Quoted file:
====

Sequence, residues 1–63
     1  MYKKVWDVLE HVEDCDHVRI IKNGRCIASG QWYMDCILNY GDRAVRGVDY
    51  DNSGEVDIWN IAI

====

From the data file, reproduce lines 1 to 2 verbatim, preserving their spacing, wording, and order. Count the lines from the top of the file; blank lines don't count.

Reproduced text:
Sequence, residues 1–63
     1  MYKKVWDVLE HVEDCDHVRI IKNGRCIASG QWYMDCILNY GDRAVRGVDY